Baseline cardiorespiratory fitness and motor skills were 7.5 percent better at the higher SES school than the lower.

After one year, Walther and her colleagues compared the fitness levels of the daily exercisers to the control students and found that students from both schools improved their exercise capacity and their fat-free mass. After one year of additional exercise at school, there was no significant change in BMI-percentile but a significant increase of fat-free mass in children in the intervention group. The most significant jump in FFM was among children in the intervention from the lower-SES school. It increased an average of 2.6 percentage points.

Furthermore, VO2max increased significantly in the lower SES school students after the intervention but did not reach the higher SES school levels at baseline.

"What this study tells us is that with a simple method like daily exercise lessons, we can have a big effect on the cardiovascular risk factors of German high school students, especially those with lower socioeconomic profiles," Walther said.

Though the study included boys and girls, it's not necessarily representative of children of other cultures or races because all the students were Caucasian, Walther said.

Co-authors are: Katharina Machalica, M.D. (lead author); Ulrike Mόller, M.D.; and Gerhard Schuler, M.D., Ph.D. Author disclosures are on the abstract.

Roland Ernst Stiftung Foundation funded the study.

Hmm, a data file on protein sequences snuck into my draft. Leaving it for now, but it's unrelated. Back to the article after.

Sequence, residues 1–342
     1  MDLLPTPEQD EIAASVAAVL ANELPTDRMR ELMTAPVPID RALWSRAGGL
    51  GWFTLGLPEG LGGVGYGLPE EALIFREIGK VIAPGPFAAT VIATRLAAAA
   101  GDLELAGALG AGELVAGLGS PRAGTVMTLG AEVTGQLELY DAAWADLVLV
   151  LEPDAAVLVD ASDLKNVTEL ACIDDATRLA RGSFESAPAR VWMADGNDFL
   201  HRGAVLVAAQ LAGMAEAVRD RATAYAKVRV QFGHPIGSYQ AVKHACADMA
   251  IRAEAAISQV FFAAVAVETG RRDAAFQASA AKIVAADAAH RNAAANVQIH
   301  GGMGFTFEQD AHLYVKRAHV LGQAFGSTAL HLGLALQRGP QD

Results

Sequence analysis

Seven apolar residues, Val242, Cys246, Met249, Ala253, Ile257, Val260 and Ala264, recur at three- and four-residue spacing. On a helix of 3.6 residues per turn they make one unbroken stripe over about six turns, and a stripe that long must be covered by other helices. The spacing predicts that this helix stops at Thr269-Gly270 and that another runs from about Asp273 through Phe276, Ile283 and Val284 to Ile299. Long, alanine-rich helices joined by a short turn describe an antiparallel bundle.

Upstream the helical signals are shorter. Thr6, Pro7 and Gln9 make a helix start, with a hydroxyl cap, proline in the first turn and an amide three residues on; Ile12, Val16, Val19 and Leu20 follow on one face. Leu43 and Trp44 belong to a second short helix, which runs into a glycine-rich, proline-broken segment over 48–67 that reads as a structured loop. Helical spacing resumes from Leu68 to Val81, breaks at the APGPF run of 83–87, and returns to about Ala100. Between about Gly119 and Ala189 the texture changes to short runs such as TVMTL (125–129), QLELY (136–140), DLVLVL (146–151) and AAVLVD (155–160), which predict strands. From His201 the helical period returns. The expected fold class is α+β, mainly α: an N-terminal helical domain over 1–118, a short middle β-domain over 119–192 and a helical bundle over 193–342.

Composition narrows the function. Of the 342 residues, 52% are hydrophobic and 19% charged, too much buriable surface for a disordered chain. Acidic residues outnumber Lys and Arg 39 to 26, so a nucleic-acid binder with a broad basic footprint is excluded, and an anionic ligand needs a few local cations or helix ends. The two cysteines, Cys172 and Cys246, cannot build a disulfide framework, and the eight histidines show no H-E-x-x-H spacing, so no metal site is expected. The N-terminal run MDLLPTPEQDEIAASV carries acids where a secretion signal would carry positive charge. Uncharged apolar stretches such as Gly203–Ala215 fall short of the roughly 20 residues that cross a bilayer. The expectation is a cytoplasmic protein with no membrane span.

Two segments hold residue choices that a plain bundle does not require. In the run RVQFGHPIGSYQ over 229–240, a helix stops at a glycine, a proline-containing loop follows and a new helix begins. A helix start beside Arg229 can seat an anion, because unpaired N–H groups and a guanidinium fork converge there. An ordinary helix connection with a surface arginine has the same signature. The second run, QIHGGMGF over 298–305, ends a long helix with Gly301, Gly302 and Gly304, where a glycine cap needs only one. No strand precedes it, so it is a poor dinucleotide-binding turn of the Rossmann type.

Story Source:

The above story is based on materials provided by American Heart Association. Note: Materials may be edited for content and length.


Cite This Page:

American Heart Association. "Students with a lower socioeconomic background benefit from daily school physical activity." ScienceDaily. ScienceDaily, 17 November 2009. <www.sciencedaily.com/releases/2009/11/091117124003.htm>.
American Heart Association. (2009, November 17). Students with a lower socioeconomic background benefit from daily school physical activity. ScienceDaily. Retrieved January 27, 2015 from www.sciencedaily.com/releases/2009/11/091117124003.htm
American Heart Association. "Students with a lower socioeconomic background benefit from daily school physical activity." ScienceDaily. www.sciencedaily.com/releases/2009/11/091117124003.htm (accessed January 27, 2015).

Share This


More From ScienceDaily



More Science & Society News

Tuesday, January 27, 2015

Featured Research

from universities, journals, and other organizations


Featured Videos